According to RÚV, Minister of Health Siv Fridleifsdóttir says that the National hospital is running according to plan. The chairman of the board of directors has said that the state would be asked for more money although the minister does not seem to share that view. She said that the finances of the national hospital are always under review and that there are some departments that are possibly getting stretched. The cost of supplies from abroad have also increased. The minister says it is unlikely that there will be any change in the financial support until Althingi, Iceland’s parliament, meets for a new session on October 1.
The minister did not comment on the turmoil at the national hospital but has previously said that she supports the management of the hospital.
Because of the recent turmoil at the national hospital, the Society of Physicians in Iceland has sent out yet another statement, which says that it is not arguing with the legality of the policy of hospital management requiring chief physicians to work only at the hospital. An excerpt from the statement says, “However, it can be debatable whether it is intelligent under the circumstances in Iceland or whether it should apply to those who were already employed when the policy was taken up.”
The Society asks that when changes are made the employees should be consulted and that the changes should be made in accordance with law and applicable contracts. “In the case of two chief physicians courts have come to the conclusion that the management of the national hospital has acted illegally to enact its policy. That in itself is reprehensible. It is still more reprehensible that the management of the National hospital does not intend to correct the unfair treatment that the doctors have received.”
Vice Chairman of the doctor’s council at the national hospital, Páll Torfi Önundarson, told RUV on July 1 that the management of the hospital used a “reign of terror”. The management is braking the law and employees are afraid to voice their opinions.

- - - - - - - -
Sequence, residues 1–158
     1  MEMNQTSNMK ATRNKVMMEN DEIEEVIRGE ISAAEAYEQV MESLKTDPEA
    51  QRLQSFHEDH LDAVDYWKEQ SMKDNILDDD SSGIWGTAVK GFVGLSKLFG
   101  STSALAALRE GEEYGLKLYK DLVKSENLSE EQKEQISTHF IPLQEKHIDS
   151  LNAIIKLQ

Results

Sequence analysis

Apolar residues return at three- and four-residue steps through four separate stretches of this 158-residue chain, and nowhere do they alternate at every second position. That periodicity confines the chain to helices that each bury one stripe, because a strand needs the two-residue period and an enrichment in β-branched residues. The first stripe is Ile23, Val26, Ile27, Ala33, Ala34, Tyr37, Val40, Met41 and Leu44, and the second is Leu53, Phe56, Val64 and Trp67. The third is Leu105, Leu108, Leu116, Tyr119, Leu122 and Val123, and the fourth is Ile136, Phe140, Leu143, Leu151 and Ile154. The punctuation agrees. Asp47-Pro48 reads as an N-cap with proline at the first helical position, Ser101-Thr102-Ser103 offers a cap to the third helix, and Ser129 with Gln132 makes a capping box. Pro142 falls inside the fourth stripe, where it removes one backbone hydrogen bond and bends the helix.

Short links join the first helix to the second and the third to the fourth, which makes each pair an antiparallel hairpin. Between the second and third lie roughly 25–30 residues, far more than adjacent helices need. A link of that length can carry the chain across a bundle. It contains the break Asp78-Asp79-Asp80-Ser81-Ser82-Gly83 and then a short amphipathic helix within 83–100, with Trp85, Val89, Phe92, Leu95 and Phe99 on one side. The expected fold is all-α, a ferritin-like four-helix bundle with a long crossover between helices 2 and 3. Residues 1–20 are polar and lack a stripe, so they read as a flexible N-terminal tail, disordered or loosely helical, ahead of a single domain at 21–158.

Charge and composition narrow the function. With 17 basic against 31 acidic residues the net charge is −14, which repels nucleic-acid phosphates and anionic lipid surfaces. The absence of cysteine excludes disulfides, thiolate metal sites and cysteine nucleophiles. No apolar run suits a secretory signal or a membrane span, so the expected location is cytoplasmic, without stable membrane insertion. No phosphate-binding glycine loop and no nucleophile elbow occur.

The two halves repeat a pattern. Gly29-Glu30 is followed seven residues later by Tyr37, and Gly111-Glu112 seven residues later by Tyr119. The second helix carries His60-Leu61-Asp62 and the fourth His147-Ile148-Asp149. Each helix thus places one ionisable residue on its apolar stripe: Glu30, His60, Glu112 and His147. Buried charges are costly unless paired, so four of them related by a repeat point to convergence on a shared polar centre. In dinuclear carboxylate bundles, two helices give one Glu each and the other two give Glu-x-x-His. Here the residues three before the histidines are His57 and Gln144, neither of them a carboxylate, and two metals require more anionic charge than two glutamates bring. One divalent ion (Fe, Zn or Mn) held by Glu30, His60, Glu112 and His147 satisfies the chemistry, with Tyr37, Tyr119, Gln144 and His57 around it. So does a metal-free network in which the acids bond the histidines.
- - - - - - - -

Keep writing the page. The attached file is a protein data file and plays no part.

In today’s morning edition of Morgunbladid, the editors raise the issue of affairs at the national hospital in the unsigned daily column Staksteinar (“Miscellany”). They quote Pálmi Ragnar Pálmason, chairman of the board of the national hospital, when he says that the conflict is about salaries of doctors who would lose income should they stop their private practice.
Morgunbladid says: “This shows that the Chairman … fundamentally misunderstands the conflict at the national hospital. It is no longer about chief physicians working solely at the national hospital. It is about how people are handled. It is about how management at the hospital treats its underlings. it is about the management trying to suppress the opinions of others within the hospital. … The first step towards solving this serious conflict is that the management of the hospital understand what it is about. That in fact also applies to the minister of health and his ministry.“
At noon Bylgja radio reported that the government supports the policy of the national hospital that chief physicians only work at the hospitals. The minister of health raised the matter in a cabinet meeting this morning.